Major Restructuring of Colorado’s Biggest Workers’ Comp Insurer Being Considered

According to workers’ comp laws in Colorado, the vast majority of businesses must purchase insurance for their employees to cover on-the-job injuries.

Pinnacol Assurance is not only the state’s workers’ comp insurer of last resort, it also covers a majority of workers in our fair state – 57% according to most recent estimates in fact.

Pinnacol traces its beginnings way back to 1915 when it was formed shortly after passage of the state’s workers’ compensation act. Since, it has been an insurer of last resort – assuming policies regardless of risk or size of organization.

In or around 1987, Pinnacol transitioned from a state-agency to a quasi-public authority to allow more flexibility in operations. This opened the door to Pinnacol being run more like a business rather than a government agency.

Since ’87, Pinnacol has been structured as a political subdivision of the State of Colorado and operated as a mutual insurance company, with policyholders having a major stake in the company.

Last year though, Colorado Governor John Hickenlooper convened a task-force to examine Pinnacol’s proposal to turn itself into a privately-held mutual insurance company owned by its policyholders. In the proposal, the state would get a 40% stake in the new company worth about $340 million.

The governor supports this proposal since it is slated to net $13.6 million in dividends each year, monies that will be committed to education and economic development in the state.

If the restructuring proposal is passed by the General Assembly, other changes to Pinnacol could include:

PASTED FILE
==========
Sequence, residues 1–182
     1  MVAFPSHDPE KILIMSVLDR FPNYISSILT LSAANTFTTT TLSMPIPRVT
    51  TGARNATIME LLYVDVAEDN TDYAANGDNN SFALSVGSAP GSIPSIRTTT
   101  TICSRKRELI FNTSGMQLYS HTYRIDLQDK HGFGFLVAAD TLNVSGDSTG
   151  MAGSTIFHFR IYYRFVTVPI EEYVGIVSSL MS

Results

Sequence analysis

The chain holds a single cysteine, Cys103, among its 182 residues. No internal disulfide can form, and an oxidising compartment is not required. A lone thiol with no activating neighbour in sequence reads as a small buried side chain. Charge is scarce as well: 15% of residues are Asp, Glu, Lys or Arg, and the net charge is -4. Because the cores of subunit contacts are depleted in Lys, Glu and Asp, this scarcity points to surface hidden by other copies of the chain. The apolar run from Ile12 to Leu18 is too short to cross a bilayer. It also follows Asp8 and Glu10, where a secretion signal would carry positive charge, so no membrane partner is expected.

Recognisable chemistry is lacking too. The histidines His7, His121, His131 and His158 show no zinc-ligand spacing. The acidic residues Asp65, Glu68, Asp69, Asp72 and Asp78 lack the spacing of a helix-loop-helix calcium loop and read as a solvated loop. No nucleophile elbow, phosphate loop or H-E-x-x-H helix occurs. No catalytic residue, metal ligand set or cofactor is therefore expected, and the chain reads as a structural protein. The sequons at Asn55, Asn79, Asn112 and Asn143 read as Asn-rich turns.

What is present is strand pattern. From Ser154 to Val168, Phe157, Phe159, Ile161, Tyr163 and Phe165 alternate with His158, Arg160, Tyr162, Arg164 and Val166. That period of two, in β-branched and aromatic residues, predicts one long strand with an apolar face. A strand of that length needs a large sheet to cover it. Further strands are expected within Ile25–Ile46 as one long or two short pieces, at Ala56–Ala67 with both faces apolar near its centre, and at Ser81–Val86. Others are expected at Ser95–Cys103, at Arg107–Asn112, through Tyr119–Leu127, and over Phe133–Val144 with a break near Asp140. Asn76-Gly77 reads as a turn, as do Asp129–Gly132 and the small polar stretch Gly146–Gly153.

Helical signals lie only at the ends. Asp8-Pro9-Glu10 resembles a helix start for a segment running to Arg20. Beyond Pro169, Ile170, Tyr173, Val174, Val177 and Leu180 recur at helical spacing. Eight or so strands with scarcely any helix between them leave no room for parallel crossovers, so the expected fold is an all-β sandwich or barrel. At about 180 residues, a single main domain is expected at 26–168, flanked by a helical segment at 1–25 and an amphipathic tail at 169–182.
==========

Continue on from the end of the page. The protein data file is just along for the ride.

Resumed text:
• Allow the company to offer additional lines of insurance (i.e. property, casualty)
  • Allow the company to write policies in neighboring states
  • Require the company to pay state and federal taxes. Under its current structure, Pinnacol is tax-exempt.
  • Company joins Colorado Insurance Guaranty Association and receives rating from A.M. Best
  • Rather than all 9-board members being appointed by the governor, 7 will be appointed by policyholders and the remaining two by the governor.

According to company documents, customer service, benefit payouts and other factors important to injured workers will remain the same. Membership in the Guaranty Association will provide an additional layer of protection to injured workers.

Business leaders in the state though have some reservations about the re-structuring. Many contend the move could result in increased premium costs for them.

“Colorado has had the lowest workers’ compensation rates in the nation, anything that would add to the rising cost of workers’ compensation rates we have great concerns about,” comments John Brackney, president of the South Denver Metro Chamber of Commerce.

Many individual businesses and organizations like the Chamber of Commerce are awaiting the Task Force’s recommendations before either endorsing or opposing the measure. State-director of the National Federation of Independent Businesses, Tony Gagliardi, cautions legislators to take their time in reviewing Pinnacol’s proposal.

The governor’s task force, which is comprised of all stakeholders in the company (…including injured workers), is set to issue its recommendations in early February.

We’ll stay on top of this developing story and report back on how the General Assembly decides to move forward. And of course, we’ll detail how this will affect our #1 priority, injured workers.